Quoting Ms. Peeples more, “Further obscured in the review are organics’ more important selling points. Organic farming methods encourage soil and water conservation and reduce contamination of air, water, food and human bodies by avoiding antibiotics, hormones, synthetic pesticides and chemical fertilizers. Genetic engineering, under increased scrutiny by health experts, is also prohibited for organics.”
While the researchers didn’t address many of these health concerns, they did note lower levels of pesticide residues and antibiotic-resistant bacteria in organic compared to conventional foods. But critics suggest that these points were glossed over or manipulated. For example, the authors reported that organic produce had a 30 percent lower risk of pesticide contamination compared to conventional fruits and vegetables. Not included in the publicly-available abstract or press release was the fact that pesticide residues were found in 7 percent of organics and 38 percent of conventional foods. In relative terms, that’s a more impressive 81 percent difference.
“Come on, that’s simple math”
For more critiques of the Stanford Study: see http://opinionator.blogs.nytimes.com/2012/10/02/that-flawed-stanford-study/ and http://www.motherjones.com/tom-philpott/2012/09/five-ways-stanford-study-underestimates-organic-food. Another fascinating though completely unrelated study, done as a 10th grade science project, gives strong evidence that an organic diet increases longevity: http://well.blogs.nytimes.com/2013/04/17/is-organic-better-ask-a-fruit-fly.
The bottom line is that Organic Foods are more nutritious and have an 81% lower chance of having measurable pesticide residues and even when such residues are present are likely to have much fewer pesticides. Organic meats are less likely to harbor antibiotic-resistant bacteria. Organic farming is also, of course, much better for our environment and for the health of farmworkers.
Not all foods are equally prone to pesticide contamination. The Environmental Working Group has compiled a list of the “Dirty Dozen” foods with the highest level of pesticide contamination, as well as the “Clean Fifteen” that tend to have few if any residues. The worst of the Dirty Dozen are Apples, Strawberries, Grapes, Celery, Peaches & Spinach. The best are Onions, Pineapple, Avocado and Cabbage. For those who can not afford to eat exclusively organic (or for when one is eating at restaurants) this list can be a helpful guide.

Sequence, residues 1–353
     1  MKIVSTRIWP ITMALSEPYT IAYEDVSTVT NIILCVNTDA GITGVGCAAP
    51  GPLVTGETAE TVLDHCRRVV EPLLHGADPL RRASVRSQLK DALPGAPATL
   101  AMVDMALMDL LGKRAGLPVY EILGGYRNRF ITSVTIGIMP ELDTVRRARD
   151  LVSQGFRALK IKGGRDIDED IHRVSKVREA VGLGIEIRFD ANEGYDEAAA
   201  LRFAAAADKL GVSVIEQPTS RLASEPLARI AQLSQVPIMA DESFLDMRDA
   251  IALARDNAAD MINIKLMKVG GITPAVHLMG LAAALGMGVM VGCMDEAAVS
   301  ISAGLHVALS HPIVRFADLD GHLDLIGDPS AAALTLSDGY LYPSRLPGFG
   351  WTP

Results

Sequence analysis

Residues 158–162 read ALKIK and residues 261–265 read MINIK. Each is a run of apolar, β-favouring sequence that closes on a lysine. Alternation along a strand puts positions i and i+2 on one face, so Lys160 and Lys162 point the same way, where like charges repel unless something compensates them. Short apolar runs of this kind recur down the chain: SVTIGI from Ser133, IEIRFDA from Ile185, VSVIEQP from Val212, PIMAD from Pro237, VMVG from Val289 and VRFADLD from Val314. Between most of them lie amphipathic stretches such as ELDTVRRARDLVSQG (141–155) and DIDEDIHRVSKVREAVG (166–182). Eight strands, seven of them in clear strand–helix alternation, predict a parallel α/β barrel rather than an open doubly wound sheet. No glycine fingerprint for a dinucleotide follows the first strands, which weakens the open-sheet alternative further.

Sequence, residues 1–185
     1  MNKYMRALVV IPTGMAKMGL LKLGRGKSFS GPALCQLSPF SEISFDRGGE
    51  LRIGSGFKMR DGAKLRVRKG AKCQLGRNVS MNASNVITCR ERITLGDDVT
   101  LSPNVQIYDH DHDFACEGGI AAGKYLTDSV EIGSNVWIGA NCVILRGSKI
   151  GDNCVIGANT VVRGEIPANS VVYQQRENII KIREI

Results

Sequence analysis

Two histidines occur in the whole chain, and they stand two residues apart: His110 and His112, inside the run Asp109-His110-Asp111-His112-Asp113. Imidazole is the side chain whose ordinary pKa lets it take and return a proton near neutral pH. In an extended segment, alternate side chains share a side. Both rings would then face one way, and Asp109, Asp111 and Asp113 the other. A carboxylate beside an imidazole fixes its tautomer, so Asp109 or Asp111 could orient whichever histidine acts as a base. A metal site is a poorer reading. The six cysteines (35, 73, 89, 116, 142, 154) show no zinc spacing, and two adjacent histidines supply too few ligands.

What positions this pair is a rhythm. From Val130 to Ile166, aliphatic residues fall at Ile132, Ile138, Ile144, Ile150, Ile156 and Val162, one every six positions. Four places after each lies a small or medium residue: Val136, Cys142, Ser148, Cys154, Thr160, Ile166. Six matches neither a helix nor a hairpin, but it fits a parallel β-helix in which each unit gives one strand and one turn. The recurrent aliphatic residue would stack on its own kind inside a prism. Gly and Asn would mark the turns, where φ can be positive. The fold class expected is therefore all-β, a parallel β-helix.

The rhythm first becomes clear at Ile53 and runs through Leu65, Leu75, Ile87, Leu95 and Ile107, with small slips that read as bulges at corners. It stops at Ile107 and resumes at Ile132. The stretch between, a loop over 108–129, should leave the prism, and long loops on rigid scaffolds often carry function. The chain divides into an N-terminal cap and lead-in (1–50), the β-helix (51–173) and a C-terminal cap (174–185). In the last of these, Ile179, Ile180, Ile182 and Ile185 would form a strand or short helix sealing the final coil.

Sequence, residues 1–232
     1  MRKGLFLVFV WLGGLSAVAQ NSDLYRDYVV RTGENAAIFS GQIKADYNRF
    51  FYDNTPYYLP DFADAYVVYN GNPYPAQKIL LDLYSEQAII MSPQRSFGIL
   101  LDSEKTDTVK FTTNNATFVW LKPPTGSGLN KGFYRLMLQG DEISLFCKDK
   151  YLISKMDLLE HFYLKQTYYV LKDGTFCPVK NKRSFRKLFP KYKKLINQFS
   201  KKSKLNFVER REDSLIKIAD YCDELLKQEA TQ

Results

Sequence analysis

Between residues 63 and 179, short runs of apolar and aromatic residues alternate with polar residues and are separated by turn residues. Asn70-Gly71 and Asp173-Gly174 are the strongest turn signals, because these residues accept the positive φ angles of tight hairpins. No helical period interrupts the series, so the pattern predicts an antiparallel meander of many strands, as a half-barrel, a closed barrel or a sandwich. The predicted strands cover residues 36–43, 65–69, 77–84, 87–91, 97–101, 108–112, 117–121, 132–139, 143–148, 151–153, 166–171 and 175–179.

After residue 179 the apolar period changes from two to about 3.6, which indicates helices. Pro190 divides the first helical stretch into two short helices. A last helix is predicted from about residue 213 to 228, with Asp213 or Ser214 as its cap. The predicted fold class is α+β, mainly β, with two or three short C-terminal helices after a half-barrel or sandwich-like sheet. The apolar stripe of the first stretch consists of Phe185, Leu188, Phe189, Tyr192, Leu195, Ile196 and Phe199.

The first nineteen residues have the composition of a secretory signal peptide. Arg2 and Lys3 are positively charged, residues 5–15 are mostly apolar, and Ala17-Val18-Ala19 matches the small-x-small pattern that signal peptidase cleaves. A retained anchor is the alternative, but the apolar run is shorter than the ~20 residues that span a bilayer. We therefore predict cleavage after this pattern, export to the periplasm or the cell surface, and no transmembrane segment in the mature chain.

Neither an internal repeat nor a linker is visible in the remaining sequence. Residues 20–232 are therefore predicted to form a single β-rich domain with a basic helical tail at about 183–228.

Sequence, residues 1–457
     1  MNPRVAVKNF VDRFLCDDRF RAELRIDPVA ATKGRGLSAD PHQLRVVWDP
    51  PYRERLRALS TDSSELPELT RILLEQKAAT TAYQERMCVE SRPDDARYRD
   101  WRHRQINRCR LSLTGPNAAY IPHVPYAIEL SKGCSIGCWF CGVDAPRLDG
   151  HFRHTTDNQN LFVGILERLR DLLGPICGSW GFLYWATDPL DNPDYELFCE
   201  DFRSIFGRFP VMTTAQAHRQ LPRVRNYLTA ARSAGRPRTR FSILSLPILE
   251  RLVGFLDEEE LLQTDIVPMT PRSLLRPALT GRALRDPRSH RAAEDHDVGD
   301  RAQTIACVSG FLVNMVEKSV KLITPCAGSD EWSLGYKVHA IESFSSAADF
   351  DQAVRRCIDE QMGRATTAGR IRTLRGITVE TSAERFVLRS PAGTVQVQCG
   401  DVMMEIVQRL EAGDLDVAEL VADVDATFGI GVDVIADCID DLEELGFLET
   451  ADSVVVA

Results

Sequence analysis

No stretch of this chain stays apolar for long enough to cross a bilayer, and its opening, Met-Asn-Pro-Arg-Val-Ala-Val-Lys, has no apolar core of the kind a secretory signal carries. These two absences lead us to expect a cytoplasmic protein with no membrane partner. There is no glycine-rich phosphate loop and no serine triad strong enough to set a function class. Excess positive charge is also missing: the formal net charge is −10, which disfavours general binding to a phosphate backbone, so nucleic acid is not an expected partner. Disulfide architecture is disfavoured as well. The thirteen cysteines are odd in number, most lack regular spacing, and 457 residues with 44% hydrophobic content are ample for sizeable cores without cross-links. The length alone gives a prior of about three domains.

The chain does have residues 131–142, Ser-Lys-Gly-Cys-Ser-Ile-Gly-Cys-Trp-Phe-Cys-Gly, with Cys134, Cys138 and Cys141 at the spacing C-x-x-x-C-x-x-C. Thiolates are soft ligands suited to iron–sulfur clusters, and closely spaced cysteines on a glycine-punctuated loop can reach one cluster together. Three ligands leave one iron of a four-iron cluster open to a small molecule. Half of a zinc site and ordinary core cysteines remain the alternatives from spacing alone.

An excellent recent article on the science of how even tiny amounts of pesticide residues well below the levels considered “safe” by the EPA may still cause very serious health problems is “Stealth Attack” in the 10/12 issue of Psychology Today and also here: http://www.psychologytoday.com/articles/201208/stealth-attack.
While I believe it is optimal to eat organically to avoid pesticide exposures both personally and for our planet, these days a far more compelling reason to choose organic produce is to avoid Genetically-Modified Foods, also known as GMO’s. GMO foods have permeated the American food supply. Over 80% of processed foods contain GMO’s. The most common GMO foods are corn, soy, sugar beets, canola & papaya. See http://www.nongmoproject.org/learn-more/what-is-gmo.
Most processed foods contain GMO corn, soy or canola oil – the corn and soy is often present as vegetable oil, high fructose corn syrup, corn starch, dextrose, soy sauce, lecithin, etc. – even “natural flavoring.” Of great concern to me is that most animal-derived foods – meats, dairy and eggs, come from animals fed GMO corn and soy. I don’t want to eat cheese from cows fed GMO corn or eggs from chickens fed GMO soy. I don’t care if a chicken is “All-Natural Free-Range Hormone & Antibiotic Free.” If it is not certified organic it has almost certainly been raised on a diet of GMO corn and/or soy! There is an old saying, “You are what you eat.” In the case of dairy, eggs and meats, you are also the food that what you eat eats! I don’t believe that an animal fed GMO corn and soy can possibly be healthy and I certainly don’t want to eat it (or its products like eggs and dairy).
Unfortunately, most restaurant food is cooked with GMO oils. Thus, the only way to avoid GMO’s is to choose processed foods that are organic or labelled as GMO-free and, besides wild fish, to only have meats, dairy & eggs that are certified organic.